The last of the kids graduates this May – and you’re looking forward to having a little extra cash. What should you do with it? The same thing you should have done when you paid off your car loan – direct those extra dollars to your retirement savings accounts.
If you’ve been saving for retirement for the last 20, 30 or 40 years, you’re almost at the finish line. But there are some strategies to make your last few years, likely at your peak salary and with a favorable cash flow, particularly productive. When retirement is just around the corner:
Max Out your 401(k). In 2013 the limits are generally the lesser of your income, or $17,500. However, that figure rises to $23,000 if you are age 50 or over.
Consider the HSA. If you are eligible, you might want to choose your company’s high-deductible health insurance option, and then make corresponding tax-deductible contributions to a Health Savings Account (HSA). The HSA contribution limits for 2013 are $3,250 for individuals and $6,450 for families. Plus, if you’re over 55 or older, you can sock away another $1,000. Remember, any unspent money in your HSA accumulates and can be withdrawn tax-free to pay for future qualifying medical expenses. Better yet, after age 65, you have the additional flexibility to make taxable withdrawals to use for any purpose, as if it was an IRA.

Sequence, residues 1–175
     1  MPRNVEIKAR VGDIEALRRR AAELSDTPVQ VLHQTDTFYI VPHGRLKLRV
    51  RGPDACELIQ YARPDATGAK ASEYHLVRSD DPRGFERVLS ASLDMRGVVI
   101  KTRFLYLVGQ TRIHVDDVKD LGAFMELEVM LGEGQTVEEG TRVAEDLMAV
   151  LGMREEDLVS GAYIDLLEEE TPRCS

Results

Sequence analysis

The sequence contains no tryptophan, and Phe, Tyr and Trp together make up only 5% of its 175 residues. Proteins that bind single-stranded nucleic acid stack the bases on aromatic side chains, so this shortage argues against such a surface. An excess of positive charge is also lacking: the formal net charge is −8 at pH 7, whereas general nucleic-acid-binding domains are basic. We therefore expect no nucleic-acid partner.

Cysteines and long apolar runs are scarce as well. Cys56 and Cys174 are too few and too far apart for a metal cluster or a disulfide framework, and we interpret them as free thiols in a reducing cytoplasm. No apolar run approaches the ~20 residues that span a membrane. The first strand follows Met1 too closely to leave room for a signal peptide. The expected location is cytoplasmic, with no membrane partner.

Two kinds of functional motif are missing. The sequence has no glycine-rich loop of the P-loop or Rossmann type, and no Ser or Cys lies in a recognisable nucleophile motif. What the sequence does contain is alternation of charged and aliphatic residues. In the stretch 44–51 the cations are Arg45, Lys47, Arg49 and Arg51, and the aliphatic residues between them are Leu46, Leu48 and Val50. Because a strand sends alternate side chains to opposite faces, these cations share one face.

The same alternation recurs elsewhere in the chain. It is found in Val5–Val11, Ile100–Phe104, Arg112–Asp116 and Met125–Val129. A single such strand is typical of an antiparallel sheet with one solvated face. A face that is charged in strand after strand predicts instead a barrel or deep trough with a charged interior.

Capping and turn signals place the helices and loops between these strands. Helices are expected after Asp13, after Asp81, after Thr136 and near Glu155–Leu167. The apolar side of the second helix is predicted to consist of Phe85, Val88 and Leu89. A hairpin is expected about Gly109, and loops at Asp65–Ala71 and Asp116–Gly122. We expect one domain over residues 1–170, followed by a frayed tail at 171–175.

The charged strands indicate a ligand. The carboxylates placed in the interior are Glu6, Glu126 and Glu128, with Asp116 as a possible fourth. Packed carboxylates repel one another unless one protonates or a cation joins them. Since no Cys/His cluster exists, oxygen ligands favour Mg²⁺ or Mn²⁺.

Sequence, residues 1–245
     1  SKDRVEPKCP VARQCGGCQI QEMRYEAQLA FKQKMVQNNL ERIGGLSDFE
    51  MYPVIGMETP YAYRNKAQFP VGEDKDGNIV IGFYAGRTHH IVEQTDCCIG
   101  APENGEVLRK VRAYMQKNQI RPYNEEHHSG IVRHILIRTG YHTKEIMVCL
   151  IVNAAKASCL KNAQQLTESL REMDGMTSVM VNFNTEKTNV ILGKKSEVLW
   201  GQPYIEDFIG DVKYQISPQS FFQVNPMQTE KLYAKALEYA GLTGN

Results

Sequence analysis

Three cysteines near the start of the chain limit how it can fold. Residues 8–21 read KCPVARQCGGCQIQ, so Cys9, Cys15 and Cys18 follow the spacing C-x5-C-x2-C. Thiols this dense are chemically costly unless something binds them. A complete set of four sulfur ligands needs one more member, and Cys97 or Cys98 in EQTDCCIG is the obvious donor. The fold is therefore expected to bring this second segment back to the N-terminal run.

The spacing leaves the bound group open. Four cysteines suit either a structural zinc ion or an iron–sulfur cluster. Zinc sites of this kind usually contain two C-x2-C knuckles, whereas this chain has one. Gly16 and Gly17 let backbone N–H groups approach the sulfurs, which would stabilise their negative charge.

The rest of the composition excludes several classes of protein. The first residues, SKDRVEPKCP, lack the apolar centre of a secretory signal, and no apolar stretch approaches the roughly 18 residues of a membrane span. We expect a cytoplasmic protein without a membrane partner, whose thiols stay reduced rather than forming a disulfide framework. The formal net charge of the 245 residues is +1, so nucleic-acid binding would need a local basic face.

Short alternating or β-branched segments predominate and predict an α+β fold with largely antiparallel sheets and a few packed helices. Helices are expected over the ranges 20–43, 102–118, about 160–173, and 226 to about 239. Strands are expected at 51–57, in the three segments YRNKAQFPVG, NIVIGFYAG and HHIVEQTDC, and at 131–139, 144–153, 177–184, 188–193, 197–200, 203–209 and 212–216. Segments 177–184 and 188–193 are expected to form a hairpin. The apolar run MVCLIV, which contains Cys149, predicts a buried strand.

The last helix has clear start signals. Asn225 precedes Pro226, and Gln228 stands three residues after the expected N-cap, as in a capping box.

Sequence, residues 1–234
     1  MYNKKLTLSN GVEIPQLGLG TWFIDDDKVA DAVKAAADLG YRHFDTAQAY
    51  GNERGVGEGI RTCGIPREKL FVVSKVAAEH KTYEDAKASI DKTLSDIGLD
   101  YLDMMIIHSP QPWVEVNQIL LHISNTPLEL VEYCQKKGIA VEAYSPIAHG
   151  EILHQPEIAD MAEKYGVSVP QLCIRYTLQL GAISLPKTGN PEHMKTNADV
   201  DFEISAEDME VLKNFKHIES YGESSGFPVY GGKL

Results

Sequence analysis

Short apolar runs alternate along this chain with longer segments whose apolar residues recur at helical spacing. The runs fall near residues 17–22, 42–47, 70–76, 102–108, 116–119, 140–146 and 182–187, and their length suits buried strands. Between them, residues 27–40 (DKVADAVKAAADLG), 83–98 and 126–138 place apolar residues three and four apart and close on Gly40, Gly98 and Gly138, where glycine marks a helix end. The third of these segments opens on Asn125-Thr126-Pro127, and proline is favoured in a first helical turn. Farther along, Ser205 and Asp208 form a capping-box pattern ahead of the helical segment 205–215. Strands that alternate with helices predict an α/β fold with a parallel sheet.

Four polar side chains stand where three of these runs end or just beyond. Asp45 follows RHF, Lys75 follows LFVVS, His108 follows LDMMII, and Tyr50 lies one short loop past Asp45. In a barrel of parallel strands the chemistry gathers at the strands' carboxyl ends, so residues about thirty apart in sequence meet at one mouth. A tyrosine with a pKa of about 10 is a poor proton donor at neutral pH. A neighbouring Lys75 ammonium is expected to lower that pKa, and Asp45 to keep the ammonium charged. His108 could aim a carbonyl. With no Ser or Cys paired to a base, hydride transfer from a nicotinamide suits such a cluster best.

Consider refinancing your mortgage. You may be able to lower total monthly expenses and raise liquidity by re-financing your mortgage. Sock anything you save in safer savings vehicles, earmarked for future big expenses that would otherwise cause you to borrow – a new car or a major home improvement.
Get in sync with your spouse. According to the Urban Institute, among two-income couples, nearly one in five retires in the same year, and another 30% within two years of each other. Keep in mind that quitting the 9 to 5 work schedule in tandem isn’t always the best move, both from a cash flow and adjustment perspective.
Map your move. If you plan on moving, take some trips to evaluate potential new hometowns. Consider medical care, proximity to family, access to cultural and recreational events, weather, and cost of living. And, importantly, try living on your estimated retirement budget for several months.